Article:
I am interested in the series expansion of:


around $k=\infty$ where $\Gamma(x,z)$ is the incomplete gamma function and $a$ is some positive constant. In particular, I would like to know how quickly this ratio converges to 1.

How to prove asymptotic limit of an incomplete Gamma function shows that:

$$1-S(k)\leq \left(\frac{e^a-1}{e^a}\right)^{k+1},$$

but is it possible to make this any tighter?


If we start with a little rearranging,

$$ \begin{align} \frac{\Gamma(k+1,a)}{k!} &= \frac{1}{k!} \int_a^\infty t^k e^{-t}\,dt \\ &= \frac{1}{k!} \left( \int_0^\infty t^k e^{-t}\,dt - \int_0^a t^k e^{-t}\,dt \right) \\ &= 1 - \frac{1}{k}\int_0^a t^k e^{-t}\,dt, \end{align} $$

then make the change of variables $t = ae^{-s}$, we end up with

$$ 1 - \frac{\Gamma(k+1,a)}{k!} = \frac{a^{k+1}}{k!} \int_0^\infty e^{-ks} \exp\{-s-ae^{-s}\}\,ds. $$

If we expand

$$ \begin{align} \exp\{-s-ae^{-s}\} &= \sum_{n=0}^{\infty} c_n s^n \\ &= e^{-a} + e^{-a}(a-1) s + \tfrac{1}{2} e^{-a} (a^2-3a+1) s^2 + \cdots \end{align} $$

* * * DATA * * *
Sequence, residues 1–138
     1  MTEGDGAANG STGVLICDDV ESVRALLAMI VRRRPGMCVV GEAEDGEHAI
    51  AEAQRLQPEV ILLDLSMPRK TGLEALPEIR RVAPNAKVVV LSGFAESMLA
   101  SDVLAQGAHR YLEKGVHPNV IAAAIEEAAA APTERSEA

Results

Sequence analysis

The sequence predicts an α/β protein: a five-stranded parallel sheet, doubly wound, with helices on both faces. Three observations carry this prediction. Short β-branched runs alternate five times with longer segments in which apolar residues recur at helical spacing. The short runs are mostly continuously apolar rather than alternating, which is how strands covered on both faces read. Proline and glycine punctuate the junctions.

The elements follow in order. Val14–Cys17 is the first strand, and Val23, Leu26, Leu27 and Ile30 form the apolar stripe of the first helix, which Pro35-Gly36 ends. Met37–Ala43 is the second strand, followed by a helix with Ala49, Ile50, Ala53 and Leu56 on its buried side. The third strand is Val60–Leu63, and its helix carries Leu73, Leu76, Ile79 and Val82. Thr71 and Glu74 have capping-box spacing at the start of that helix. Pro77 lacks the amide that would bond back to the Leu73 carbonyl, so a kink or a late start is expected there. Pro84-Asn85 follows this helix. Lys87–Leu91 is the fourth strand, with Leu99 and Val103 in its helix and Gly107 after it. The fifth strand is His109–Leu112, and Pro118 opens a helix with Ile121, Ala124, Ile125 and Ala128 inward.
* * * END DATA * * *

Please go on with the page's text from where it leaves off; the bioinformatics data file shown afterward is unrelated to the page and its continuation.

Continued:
then by Watson's lemma we can exchange the order of integration and summation to obtain an asymptotic series for the integral;

$$ \begin{align} 1 - \frac{\Gamma(k+1,a)}{k!} &\approx \frac{a^{k+1}}{k!} \sum_{n=0}^{\infty} c_n \int_0^\infty e^{-ks} s^n \,ds \\ &= \frac{a^{k+1}}{k!} \sum_{n=0}^{\infty} \frac{n! c_n}{k^{n+1}} \\ &= \frac{a^{k+1} e^{-a}}{k \cdot k!} \left(1 + \frac{a-1}{k} + \frac{a^2 - 3a + 1}{k^2} + \cdots \right). \end{align} $$

In particular, to first order we have

$$ 1 - \frac{\Gamma(k+1,a)}{k!} \sim \frac{a^{k+1} e^{-a}}{k \cdot k!}. $$


Using a CAS, what it found as expansion for large values of $k$ is $$S(k)=\frac{\Gamma(k+1,a)}{k!}\simeq 1-\frac{ a^{k+1} e^{k \left(\log \left(\frac{1}{k}\right)+1\right)-a}}{\sqrt{2 \pi }k^{3/2}}$$ I hope this could be of some help.

  • $\begingroup$ Can you show how you did this with CAS? $\endgroup$
    – ablmf
    Feb 11 '17 at 7:14

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